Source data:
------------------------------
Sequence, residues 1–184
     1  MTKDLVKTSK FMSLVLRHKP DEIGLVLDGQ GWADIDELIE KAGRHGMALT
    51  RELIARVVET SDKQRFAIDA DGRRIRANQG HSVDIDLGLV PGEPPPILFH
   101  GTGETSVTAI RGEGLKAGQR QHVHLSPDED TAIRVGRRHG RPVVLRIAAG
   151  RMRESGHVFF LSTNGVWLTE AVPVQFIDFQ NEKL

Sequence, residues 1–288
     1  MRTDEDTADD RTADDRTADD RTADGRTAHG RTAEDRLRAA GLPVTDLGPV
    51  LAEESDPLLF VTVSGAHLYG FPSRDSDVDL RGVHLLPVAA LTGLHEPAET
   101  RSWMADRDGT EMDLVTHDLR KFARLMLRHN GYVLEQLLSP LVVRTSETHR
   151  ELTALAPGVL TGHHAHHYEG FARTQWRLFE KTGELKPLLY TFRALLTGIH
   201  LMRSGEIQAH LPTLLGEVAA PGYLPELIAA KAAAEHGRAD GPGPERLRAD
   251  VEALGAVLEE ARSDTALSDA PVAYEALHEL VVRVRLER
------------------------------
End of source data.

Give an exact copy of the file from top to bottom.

Sequence, residues 1–184
     1  MTKDLVKTSK FMSLVLRHKP DEIGLVLDGQ GWADIDELIE KAGRHGMALT
    51  RELIARVVET SDKQRFAIDA DGRRIRANQG HSVDIDLGLV PGEPPPILFH
   101  GTGETSVTAI RGEGLKAGQR QHVHLSPDED TAIRVGRRHG RPVVLRIAAG
   151  RMRESGHVFF LSTNGVWLTE AVPVQFIDFQ NEKL

Sequence, residues 1–288
     1  MRTDEDTADD RTADDRTADD RTADGRTAHG RTAEDRLRAA GLPVTDLGPV
    51  LAEESDPLLF VTVSGAHLYG FPSRDSDVDL RGVHLLPVAA LTGLHEPAET
   101  RSWMADRDGT EMDLVTHDLR KFARLMLRHN GYVLEQLLSP LVVRTSETHR
   151  ELTALAPGVL TGHHAHHYEG FARTQWRLFE KTGELKPLLY TFRALLTGIH
   201  LMRSGEIQAH LPTLLGEVAA PGYLPELIAA KAAAEHGRAD GPGPERLRAD
   251  VEALGAVLEE ARSDTALSDA PVAYEALHEL VVRVRLER